According to an old São Paulo University (USP) professor, journalism should be independent, but never impartial. After all, how can impartiality be maintained in the face of poverty, hunger, suffering, exploitation?
Born in Portugal, Manuel Chaparro grew up under the European journalistic paradigm and immigrated to Brazil as an already trained professional.
His view of journalism, marked by an ethical sense of public interest, would quickly connect to that of many students who came to the university with lots of energy, dreaming of changing things, denouncing, defending the underprivileged.
What first comes to my mind when writing about journalism and human rights as Repórter Brasil turns 15 are memories of college hallways.
One cannot be impartial when it comes to Brazil’s iniquities. One cannot conceive journalism unless it is guided by advocacy of the rights denied to people.
Saying that seems like a cliché – even because the ideal of human rights is crystallized among most of us. It is one of the hegemonic ideologies of our times.
Historical anti-monarchic struggles have bequeathed to international frameworks the idea that everyone is born equal in dignity and rights. Actually, that is the first article of the Universal Declaration of Human Rights.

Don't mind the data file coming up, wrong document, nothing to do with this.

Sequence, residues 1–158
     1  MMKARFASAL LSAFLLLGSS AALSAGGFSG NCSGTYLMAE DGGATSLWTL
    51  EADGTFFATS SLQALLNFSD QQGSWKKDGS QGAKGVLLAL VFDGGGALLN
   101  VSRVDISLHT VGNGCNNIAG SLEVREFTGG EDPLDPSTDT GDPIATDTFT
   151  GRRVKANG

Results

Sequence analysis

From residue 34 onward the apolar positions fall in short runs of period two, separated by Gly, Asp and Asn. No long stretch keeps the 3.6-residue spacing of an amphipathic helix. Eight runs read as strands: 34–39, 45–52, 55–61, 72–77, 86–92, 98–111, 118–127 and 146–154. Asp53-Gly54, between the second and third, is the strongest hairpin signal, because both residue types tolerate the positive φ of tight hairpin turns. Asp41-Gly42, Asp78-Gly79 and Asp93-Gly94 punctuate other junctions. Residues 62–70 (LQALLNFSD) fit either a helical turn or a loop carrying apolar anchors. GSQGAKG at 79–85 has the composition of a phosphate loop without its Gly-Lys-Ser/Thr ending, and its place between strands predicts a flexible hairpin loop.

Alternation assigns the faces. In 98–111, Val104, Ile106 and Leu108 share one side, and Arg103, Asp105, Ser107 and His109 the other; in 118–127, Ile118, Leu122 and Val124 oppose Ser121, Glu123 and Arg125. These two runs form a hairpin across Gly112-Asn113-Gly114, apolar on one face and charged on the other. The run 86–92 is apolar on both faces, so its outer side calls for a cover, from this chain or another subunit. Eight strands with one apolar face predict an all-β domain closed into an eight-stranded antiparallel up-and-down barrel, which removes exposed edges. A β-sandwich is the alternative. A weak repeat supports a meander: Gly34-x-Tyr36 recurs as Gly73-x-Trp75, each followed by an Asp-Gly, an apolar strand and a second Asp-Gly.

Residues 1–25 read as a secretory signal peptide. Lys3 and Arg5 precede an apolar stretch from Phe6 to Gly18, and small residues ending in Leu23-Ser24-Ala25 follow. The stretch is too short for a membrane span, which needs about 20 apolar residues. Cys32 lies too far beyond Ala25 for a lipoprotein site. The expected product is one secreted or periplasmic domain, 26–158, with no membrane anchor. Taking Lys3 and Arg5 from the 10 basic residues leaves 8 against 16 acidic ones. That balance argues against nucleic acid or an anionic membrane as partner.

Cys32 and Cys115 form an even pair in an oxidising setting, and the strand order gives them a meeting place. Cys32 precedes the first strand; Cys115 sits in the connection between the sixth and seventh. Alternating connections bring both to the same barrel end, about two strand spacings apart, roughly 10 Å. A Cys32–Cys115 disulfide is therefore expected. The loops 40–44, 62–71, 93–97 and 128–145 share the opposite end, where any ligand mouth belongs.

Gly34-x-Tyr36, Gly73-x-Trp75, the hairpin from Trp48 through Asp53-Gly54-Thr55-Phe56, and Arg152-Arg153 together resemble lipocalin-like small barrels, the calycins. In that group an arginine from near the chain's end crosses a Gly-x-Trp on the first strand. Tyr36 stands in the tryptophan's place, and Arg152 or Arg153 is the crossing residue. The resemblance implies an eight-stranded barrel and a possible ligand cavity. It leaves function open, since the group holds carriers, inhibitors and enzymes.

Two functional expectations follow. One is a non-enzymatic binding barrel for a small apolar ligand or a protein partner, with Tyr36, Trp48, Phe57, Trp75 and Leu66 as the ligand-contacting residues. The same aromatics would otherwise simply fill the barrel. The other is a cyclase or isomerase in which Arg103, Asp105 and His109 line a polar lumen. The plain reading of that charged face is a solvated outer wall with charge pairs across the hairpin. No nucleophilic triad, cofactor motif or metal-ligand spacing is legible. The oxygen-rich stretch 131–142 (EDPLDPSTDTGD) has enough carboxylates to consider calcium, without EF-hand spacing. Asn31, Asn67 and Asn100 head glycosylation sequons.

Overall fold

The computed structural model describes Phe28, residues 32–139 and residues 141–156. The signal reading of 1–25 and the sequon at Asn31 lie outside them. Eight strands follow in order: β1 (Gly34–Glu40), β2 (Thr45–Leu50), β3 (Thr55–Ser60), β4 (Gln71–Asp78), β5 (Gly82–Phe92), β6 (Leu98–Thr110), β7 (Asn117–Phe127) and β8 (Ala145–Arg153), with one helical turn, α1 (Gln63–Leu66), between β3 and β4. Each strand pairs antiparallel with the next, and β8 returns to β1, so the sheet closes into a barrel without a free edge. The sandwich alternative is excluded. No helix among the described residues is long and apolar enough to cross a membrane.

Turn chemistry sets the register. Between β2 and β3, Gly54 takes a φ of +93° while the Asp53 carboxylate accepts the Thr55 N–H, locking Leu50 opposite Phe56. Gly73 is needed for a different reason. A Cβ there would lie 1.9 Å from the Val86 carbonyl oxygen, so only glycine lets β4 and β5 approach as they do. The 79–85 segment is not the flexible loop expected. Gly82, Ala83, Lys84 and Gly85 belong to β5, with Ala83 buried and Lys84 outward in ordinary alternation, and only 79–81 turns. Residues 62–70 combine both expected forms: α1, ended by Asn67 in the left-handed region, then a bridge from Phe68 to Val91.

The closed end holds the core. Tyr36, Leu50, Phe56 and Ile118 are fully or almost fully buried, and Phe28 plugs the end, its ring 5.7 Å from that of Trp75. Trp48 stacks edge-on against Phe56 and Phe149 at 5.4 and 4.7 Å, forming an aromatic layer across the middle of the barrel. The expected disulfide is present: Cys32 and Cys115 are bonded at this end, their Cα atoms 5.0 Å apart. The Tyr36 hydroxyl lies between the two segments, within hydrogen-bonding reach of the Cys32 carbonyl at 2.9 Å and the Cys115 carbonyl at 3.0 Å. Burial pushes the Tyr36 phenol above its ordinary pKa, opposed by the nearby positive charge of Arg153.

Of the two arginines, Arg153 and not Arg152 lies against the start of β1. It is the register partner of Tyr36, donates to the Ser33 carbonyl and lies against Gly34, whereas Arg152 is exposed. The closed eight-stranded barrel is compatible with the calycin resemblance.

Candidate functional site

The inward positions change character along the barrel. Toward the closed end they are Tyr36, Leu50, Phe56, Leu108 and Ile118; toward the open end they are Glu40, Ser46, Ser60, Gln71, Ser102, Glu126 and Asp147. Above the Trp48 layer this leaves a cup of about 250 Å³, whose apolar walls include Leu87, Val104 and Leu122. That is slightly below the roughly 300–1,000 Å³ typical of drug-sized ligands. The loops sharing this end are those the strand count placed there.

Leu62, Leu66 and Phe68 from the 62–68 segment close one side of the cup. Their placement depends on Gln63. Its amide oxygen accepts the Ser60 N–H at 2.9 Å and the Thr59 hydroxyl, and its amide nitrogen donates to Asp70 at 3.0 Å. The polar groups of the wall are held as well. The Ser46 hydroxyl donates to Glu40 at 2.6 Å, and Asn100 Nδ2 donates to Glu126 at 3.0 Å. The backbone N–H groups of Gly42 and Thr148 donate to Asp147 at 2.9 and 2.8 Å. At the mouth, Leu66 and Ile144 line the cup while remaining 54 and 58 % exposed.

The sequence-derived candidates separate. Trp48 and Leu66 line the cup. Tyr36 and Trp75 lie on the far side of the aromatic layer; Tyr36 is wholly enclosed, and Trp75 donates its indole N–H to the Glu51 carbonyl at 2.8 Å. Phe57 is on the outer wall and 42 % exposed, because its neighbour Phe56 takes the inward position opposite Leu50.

But who can say that human rights have become real? There are so many homeless people, children fleeing wars, immigrants being kicked, workers enslaved.
Recalling Plato’s ‘Myth of the Cave’ – a usual reference at Journalism schools – it is essential that more and more people leave that cave and bring different views on reality.
That is what Repórter Brasil tries to do: exploring the outside of the cave where chained prisoners only believed in the projections made on the wall by the light of a fire.
Under sunlight, we have to travel the country’s depths to interview people in the outskirts, villages and communities that are historically forgotten. In theory, they have all the rights. In practice, however…
But the truth is that telling these stories is not enough. A humanizing look is essential – without sentimentalism.
I believe that the mental solution many of us have adopted to live with the tragedies of everyday life is to dehumanize the victims. We grow apart; we don’t see them as human beings.
It is easier to understand what I mean if we think of what they say about outlaws out there: “Human rights are for right humans”. Basically, we mean that criminals are not human beings.
It is interesting that this view does not necessarily deny the values of human rights. The person says: ‘Look, I’m for human rights, but not for the guy who did this or that’.
It was in the fight against such discourse that Repórter Brasil found its trenches. Much more than doing journalism that promotes human rights, we want to report on the humanity of those who have been systematically dehumanized.
With reports that tell stories about people from the state of Maranhão who were enslaved in cattle ranches in Pará; about Indians who lost their land to large soy farmers in Mato Grosso do Sul; about Bolivian women nursing babies while sowing at workshops in São Paulo.
But we must take a step further. Talking about those who had their rights violated won’t be enough: people want to know who violates them and why.